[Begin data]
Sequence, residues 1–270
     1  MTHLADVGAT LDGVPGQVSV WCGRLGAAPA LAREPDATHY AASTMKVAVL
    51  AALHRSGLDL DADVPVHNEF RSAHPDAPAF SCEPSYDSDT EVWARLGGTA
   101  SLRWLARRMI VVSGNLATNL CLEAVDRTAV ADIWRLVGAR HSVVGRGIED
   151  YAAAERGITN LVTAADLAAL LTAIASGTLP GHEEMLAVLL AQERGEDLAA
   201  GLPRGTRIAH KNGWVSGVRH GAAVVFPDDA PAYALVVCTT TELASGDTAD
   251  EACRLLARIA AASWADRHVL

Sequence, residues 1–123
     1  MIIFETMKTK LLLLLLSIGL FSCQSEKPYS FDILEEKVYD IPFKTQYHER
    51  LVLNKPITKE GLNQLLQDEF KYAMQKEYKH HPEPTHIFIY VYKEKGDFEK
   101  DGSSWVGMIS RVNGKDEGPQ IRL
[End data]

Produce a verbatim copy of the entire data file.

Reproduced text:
Sequence, residues 1–270
     1  MTHLADVGAT LDGVPGQVSV WCGRLGAAPA LAREPDATHY AASTMKVAVL
    51  AALHRSGLDL DADVPVHNEF RSAHPDAPAF SCEPSYDSDT EVWARLGGTA
   101  SLRWLARRMI VVSGNLATNL CLEAVDRTAV ADIWRLVGAR HSVVGRGIED
   151  YAAAERGITN LVTAADLAAL LTAIASGTLP GHEEMLAVLL AQERGEDLAA
   201  GLPRGTRIAH KNGWVSGVRH GAAVVFPDDA PAYALVVCTT TELASGDTAD
   251  EACRLLARIA AASWADRHVL

Sequence, residues 1–123
     1  MIIFETMKTK LLLLLLSIGL FSCQSEKPYS FDILEEKVYD IPFKTQYHER
    51  LVLNKPITKE GLNQLLQDEF KYAMQKEYKH HPEPTHIFIY VYKEKGDFEK
   101  DGSSWVGMIS RVNGKDEGPQ IRL